And a story about making your home a new home, together:

After we moved from Hong Kong, his home, to San Francisco, my home, Daniel drifts uneasily. The buildings aren’t tall enough; the Muni isn’t fast enough; the Chinese food isn’t Chinese enough. “There’s better char siu here than in any other Western city,” I object, as he blanches at my restaurant suggestions. Acceptance builds slowly: first at a hole-in-the-wall in Chinatown, followed by a space-warp into Kowloon at a Cantonese cafe in Sunset. “This place is really authentic,” he beams over satay beef macaroni soup and French toast. Even the rain outside feels like an authentic Pearl River Delta deluge.

— Michael Gold, 35, San Francisco

Credit…Claire Modie

A tale about meeting a stranger at the happiest place on earth:

Andrew and I met at a Disneyland Annual Passholders’ Meet-up, outside the Jungle Cruise. Neither of us were looking to date anyone, just to make friends. We were lined up by chance to sit side-by-side on Space Mountain that day. Our lives have been exciting ever since. We’ve weathered excellent days and health hardships over our many years together now, and we love each other more than ever. Although we don’t have Disneyland Annual Passes anymore, Disneyland will always hold a special place in our hearts, because it brought two unlikely strangers together, first as friends, then into love.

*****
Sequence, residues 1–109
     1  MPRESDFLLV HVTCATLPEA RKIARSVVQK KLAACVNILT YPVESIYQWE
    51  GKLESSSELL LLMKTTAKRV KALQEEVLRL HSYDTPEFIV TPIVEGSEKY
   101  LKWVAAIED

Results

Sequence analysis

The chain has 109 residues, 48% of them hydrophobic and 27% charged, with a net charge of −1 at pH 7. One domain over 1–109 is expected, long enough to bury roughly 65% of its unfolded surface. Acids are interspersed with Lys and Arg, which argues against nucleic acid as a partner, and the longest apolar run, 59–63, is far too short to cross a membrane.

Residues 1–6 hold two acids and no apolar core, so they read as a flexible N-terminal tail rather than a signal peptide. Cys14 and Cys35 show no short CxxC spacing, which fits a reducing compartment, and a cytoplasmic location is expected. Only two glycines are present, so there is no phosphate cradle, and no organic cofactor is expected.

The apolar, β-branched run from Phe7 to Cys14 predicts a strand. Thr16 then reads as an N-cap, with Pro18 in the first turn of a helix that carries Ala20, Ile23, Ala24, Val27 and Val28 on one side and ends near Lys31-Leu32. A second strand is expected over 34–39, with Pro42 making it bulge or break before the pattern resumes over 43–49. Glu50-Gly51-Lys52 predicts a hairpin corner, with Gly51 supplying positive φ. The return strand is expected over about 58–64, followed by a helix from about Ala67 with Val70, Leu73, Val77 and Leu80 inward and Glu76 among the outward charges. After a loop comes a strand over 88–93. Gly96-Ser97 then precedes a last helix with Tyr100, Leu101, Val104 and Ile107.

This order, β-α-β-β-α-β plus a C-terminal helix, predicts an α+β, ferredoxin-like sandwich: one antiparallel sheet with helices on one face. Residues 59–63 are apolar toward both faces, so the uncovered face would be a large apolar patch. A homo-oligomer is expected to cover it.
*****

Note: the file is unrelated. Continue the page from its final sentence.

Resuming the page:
— Claire Modie, 49, Manhattan Beach

Credit…Jea-Hyoun Kim

And finally, a love story, told from both sides, about reconnecting in an unexpected place:

I met Jea as a freshman at Stanford. I thought she was cute, but lacked the moxie to ask her out. Then she started dating some other guy. A decade later, we were doctors-in-training at U.C. Davis. I was at the clinic when I randomly bumped into her. She was there as a patient, nervous that she might have thyroid cancer. We made awkward small talk before the nurse ushered her away. My moxie consisted of messaging her on Facebook. Fortunately, she returned my message. Even more fortunately, the thyroid ultrasound was negative. We’ve been married for four years.

— Charles Feng, 37, Sunnyvale

In a clinic at U.C. Davis in Sacramento, I thought I would be diagnosed with thyroid cancer. He was there signing paperwork for his patient. He immediately recognized me, saying, “Remember me from Stanford?” I couldn’t recall what classes we might have taken together 10 years earlier. I don’t remember my response — perhaps just an icy stare? Turns out, I did not have cancer. Before I could write an email apologizing for my curtness, a message on Facebook asked me to dinner. Two years later, we were married at Stanford, and we’re forever grateful to Mark Zuckerberg.